In a nutshell, Anxiety is, excessively worrying about irrational things.

Was that helpful?

Not yet?

Those that deal with anxiety are often trying to gain a sense of control over severe negative thoughts, in which we create, in order to keep ourselves prepared for anticipated or unanticipated events. Sounds fairly primal if you ask me! In fact, it is.

If we are anxious, then we are prepared to handle a perceived threat that may be coming our way. However, the key word here is perceive.

If we are perceiving a potential threat heading our way, then, it’s almost like we have psychic fortune telling abilities or something? Is that taking it to far, Miss Cleo?

You see, some worry and some stress can serve a purpose.

Chances are, if you struggle with anxiety you once had to worry excessively in order to survive the situation you were going through at that time. However, now you’re most likely finding this worry has turned to anxiousness and maybe even panic attacks, social anxiety, phobias, substance abuse, self-harm or even depression.

We are all guilty of committing cognitive distorted thinking.

What is cognitive distorted thinking you might ask? They are unhelpful, underlying beliefs that we have created for ourselves over time. Some of these distortions are referred to as: All-or-nothing thinking, fortune telling, jumping to conclusions, blaming, personalizing and oh so much more! When we engage in distorted thinking, we are creating barriers for ourselves such as stress, insecurity, feeling overwhelmed, anger, depression, fear, guilt, suffering, anxiety.

Allow me to reassure you, that there is hope for those who wish to challenge the reality of anxious thoughts.

Allow me to also reassure you that challenging our anxious thoughts takes practice. After all, you didn’t get into this position over night, therefore we must learn to take everything day by day, moment by moment. Literally 24 hours at a time or maybe even one hour at a time?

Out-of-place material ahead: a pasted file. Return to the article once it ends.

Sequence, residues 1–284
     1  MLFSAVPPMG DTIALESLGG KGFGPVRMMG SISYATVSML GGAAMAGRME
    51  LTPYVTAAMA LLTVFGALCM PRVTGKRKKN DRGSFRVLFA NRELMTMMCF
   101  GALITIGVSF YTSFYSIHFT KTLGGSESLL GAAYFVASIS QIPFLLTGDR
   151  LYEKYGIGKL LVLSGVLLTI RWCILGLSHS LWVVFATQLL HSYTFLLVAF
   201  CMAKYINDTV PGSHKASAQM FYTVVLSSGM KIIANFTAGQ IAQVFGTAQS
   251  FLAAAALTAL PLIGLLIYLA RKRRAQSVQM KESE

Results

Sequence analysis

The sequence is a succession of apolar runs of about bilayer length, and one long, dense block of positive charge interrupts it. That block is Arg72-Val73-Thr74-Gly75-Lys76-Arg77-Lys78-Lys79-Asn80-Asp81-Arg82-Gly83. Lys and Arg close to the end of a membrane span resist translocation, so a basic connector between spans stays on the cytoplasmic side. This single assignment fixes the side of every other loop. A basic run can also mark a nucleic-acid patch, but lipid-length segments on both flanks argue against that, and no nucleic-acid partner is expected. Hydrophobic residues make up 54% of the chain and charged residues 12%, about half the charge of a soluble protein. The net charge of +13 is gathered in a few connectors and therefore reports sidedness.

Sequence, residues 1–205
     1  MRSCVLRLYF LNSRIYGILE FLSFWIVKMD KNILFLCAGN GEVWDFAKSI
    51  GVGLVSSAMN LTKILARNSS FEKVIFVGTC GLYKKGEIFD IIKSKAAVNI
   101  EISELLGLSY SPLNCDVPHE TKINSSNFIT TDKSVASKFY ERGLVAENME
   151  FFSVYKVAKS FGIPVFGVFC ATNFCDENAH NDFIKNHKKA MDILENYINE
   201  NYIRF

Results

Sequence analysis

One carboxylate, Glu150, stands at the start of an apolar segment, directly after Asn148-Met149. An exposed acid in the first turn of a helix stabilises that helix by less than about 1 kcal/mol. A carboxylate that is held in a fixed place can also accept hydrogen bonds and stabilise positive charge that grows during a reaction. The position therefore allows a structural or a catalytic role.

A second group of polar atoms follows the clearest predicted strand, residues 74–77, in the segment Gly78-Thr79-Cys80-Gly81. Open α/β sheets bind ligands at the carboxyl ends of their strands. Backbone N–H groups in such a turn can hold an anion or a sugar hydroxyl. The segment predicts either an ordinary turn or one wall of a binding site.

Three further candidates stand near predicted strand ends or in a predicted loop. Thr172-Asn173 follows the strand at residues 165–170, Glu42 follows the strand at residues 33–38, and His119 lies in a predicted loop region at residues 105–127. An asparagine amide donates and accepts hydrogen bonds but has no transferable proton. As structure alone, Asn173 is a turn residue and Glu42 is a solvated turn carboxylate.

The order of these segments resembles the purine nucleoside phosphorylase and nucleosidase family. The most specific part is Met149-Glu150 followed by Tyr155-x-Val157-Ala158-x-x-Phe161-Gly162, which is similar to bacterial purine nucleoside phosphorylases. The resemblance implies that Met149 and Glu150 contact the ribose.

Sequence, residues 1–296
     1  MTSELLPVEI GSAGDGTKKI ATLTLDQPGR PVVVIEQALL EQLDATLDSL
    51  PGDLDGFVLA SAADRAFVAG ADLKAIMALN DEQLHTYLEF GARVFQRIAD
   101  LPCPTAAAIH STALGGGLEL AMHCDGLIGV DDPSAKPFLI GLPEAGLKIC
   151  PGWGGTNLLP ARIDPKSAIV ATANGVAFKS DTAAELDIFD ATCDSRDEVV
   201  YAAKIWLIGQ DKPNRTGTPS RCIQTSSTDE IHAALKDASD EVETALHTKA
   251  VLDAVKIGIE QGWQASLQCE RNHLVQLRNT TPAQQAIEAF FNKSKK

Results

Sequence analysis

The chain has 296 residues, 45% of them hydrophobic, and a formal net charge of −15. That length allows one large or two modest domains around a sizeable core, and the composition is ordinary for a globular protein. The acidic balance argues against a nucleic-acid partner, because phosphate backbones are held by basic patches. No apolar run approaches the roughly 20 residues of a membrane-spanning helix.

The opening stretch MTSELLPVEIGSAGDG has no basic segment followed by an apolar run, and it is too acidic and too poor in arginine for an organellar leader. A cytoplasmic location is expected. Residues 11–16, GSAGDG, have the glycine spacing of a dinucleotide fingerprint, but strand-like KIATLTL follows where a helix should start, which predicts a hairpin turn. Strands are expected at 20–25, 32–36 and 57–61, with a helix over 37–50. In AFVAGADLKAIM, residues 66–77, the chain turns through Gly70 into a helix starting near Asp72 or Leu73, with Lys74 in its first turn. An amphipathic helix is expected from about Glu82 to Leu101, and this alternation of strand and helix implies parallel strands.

Ok so how do we tackle this anxiety beast?

We could draw our swords or set our traps? Too simple! We must be strategic. We must out think the way we’ve been thinking. We must first and foremost, become self-aware of when our negative thoughts are beginning to flood our minds. But how will I know my thoughts are negative? That’s simple! You won’t feel good. Negative thoughts equal negative emotions, see what I just did there? Let Mood-Congruent thinking be your guide! When you’re feeling anxious, sad, angry, overwhelmed, insecure, examine the thoughts you are literally having at that moment.

Literally! Grab a piece of paper, write your thoughts down, and ask yourself:

1. Is what I am thinking 100% true?

2. Does what I’m thinking serve my best interest?

3. Does what I’m thinking advance and protect my health? In other words, is it adding more stress to my life or less?

4. Does what I’m thinking get me what I want, need and deserve?

If you answer “No” to any of the 4 questions, then it’s time to reevaluate what you’re thinking!

We must practice challenging our anxious thoughts every single day. It. Will. Get. Easier. Trust the process! Allow me to reiterate that you did not get to this point over night. Perhaps your anxiety is the result of 40 years of worrying, so let’s aim to begin seeing progress around 40 days? Then 40 weeks. You’ve got this! Being hopeful is half the battle, applying yourself a little bit everyday will carry you through. I believe in you.

Megan Harley, MS, LPCC - www.counselingandfitness.com

# Drop your expectations and face your fears

Worrying can take up serious chunks of our brain space.